For some people who play video games, knowing the quality of the programming and graphics that have gone into the dragon they’re about to fight is just as important as fighting the dragon itself, but when those details are unclear, it turns the dragon into an elephant in the room instead.
In Fall of 2017, a Bethesda game will be on the Nintendo console for the first time. This is a big step for Nintendo, especially since Skyrim is still a popular game today, and might attract attention from consumers who don’t normally buy Nintendo products. However, when Bethesda’s Todd Howard was asked which version of the game would be on the Switch, Howard said he “can’t say,” according to a Polygon article. Knowing the version of the game will give consumers an idea of what level of quality to expect from it, but will also help them estimate the potential of the Nintendo Switch’s capabilities.
There are three possibilities for Skyrim on the Switch: it could be a port of the original 2011 version, a port of the 2016 special edition, or an entirely new custom-built version.
If you are unfamiliar with the term “port,” it refers to when developers go to an already created game and copy and paste it so it can be playable on a different system.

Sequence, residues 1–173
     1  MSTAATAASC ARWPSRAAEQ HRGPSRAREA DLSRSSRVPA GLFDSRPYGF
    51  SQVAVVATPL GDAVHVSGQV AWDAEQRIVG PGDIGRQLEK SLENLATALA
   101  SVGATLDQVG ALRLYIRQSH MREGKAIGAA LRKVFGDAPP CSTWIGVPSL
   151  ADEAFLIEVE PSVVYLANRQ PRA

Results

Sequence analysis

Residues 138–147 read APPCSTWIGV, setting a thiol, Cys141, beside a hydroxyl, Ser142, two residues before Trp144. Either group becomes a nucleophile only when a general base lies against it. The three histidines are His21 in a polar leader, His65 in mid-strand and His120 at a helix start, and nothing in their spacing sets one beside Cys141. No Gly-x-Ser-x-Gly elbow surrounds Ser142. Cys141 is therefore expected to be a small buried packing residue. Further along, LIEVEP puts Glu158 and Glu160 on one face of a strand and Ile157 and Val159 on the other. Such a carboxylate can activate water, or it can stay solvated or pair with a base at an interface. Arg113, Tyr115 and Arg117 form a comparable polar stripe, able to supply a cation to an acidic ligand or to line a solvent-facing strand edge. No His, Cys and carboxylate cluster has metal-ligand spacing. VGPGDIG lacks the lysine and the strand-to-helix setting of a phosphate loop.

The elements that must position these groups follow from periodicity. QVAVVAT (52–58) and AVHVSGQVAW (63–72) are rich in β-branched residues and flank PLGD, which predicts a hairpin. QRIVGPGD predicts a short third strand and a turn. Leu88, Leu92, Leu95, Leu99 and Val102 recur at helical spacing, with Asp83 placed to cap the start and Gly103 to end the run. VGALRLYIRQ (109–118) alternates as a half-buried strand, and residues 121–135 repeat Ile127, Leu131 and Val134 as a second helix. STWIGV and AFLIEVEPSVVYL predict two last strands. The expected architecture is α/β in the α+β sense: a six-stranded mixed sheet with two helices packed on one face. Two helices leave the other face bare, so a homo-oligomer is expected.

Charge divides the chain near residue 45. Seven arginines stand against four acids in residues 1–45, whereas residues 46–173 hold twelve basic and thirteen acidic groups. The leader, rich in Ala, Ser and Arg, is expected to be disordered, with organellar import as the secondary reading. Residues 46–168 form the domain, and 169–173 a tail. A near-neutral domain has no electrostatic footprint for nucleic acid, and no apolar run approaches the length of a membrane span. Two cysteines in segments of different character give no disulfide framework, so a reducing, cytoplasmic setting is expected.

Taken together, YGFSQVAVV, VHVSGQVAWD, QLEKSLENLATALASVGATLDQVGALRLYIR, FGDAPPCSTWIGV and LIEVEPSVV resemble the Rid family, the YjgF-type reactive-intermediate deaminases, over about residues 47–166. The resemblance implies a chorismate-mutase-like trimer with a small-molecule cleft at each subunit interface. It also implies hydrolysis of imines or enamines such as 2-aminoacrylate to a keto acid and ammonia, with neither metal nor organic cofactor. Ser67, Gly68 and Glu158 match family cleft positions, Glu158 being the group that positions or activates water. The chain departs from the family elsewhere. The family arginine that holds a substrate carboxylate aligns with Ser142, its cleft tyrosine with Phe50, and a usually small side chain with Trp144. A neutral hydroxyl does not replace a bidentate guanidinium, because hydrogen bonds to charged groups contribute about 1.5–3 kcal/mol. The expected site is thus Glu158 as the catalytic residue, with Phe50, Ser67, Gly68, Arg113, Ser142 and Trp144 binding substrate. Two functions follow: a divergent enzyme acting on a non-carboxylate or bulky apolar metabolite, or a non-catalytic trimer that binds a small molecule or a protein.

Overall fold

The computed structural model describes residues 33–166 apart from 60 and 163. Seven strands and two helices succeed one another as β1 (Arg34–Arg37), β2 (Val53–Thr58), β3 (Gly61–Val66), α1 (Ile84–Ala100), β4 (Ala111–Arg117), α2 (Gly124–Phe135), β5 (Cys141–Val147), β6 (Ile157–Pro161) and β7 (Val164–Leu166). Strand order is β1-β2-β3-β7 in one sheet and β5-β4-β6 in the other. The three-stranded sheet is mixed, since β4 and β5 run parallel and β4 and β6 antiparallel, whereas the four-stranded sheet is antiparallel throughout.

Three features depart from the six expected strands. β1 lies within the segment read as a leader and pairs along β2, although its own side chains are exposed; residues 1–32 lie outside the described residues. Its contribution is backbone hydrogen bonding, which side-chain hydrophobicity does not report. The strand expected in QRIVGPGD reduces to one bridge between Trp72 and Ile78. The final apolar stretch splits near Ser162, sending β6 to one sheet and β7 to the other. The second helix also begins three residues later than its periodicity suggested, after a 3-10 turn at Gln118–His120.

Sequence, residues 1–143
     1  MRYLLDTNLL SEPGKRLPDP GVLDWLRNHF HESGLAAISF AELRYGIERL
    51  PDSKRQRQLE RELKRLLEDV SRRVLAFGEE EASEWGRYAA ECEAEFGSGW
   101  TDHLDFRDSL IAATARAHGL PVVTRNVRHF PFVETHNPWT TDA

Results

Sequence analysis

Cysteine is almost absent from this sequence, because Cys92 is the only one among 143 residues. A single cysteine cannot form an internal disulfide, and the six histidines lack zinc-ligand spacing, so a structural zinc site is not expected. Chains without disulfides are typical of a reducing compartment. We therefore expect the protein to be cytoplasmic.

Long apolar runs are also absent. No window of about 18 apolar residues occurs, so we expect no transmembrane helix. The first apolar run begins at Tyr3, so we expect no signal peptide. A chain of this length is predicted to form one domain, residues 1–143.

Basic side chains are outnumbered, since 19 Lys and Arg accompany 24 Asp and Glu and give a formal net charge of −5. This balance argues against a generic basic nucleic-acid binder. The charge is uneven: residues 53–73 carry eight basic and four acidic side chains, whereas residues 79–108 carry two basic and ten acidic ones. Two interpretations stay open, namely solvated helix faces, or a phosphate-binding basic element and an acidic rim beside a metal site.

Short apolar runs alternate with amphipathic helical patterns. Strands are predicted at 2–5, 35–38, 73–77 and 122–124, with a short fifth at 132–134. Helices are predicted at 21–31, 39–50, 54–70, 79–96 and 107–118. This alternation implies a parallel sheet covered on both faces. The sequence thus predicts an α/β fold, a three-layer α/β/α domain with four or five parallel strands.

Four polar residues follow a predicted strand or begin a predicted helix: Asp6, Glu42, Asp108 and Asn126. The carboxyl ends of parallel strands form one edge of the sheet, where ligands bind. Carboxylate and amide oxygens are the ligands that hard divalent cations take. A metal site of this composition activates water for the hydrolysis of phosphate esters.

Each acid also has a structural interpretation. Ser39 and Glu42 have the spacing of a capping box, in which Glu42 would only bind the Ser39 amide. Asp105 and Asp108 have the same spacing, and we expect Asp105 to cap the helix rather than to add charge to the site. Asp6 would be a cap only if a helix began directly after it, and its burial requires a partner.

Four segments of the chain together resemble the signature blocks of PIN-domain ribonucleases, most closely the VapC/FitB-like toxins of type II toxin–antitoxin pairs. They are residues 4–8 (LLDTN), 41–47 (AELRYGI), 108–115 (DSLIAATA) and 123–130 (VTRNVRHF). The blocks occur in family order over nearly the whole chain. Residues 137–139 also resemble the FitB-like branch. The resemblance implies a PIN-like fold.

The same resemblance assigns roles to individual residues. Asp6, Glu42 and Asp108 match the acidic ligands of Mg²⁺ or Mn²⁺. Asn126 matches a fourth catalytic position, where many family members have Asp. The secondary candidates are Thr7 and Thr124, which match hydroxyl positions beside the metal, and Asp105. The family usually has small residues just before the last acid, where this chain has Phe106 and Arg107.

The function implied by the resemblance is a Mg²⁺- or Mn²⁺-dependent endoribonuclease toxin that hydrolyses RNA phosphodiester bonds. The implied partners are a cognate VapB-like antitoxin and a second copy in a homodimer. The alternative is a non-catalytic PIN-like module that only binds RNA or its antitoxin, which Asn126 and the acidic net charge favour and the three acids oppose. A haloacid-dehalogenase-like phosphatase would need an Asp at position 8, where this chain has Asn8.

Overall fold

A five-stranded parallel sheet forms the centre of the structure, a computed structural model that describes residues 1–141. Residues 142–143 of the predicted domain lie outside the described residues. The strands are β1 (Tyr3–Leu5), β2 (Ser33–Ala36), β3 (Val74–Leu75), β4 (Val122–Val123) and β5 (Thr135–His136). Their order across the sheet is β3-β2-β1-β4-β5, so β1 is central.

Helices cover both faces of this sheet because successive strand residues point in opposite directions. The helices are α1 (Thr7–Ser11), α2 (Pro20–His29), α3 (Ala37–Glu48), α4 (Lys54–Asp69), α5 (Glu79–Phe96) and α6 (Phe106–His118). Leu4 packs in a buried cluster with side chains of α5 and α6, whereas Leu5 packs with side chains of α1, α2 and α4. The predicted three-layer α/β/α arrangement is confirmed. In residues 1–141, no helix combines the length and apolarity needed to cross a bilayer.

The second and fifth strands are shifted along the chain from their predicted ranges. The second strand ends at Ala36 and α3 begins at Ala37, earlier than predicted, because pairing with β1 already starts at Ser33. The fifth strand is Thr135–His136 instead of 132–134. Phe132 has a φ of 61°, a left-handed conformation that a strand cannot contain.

When Bethesda created the 2016 version, they made major improvements to things such as the graphics and shortening the load times. If the 2011 version is ported, it could imply that the Switch isn’t capable of managing high definition graphics. If the 2016 version is ported, it would imply the opposite. From images of the Switch’s release game, The Legend of Zelda: Breath of the Wild, it would seem that the Switch does have those capabilities, but there is a chance that it does not.
If they were to build a custom version, it could ensure the game running very well on the Switch in general and could avoid possible problems that come with ports, especially a port like the 2016 version, which gave the PS4 problems because of its modding capabilities.
Perhaps Howard is refraining from confirming the version because Bethesda is not sure which will be best for the Switch. Or the reason could be simpler than that.
Joe Skrebels of IGN wrote, “It may … simply be a case of [pre-release] planning – Bethesda may want to announce the Special Edition for Switch on its own terms, leading Howard to answer in noncommittal fashion.”
Whatever the reason may be, if Howard “can’t say” which version it will be, then the players simply “can’t say” how enjoyable that dragon battle will be.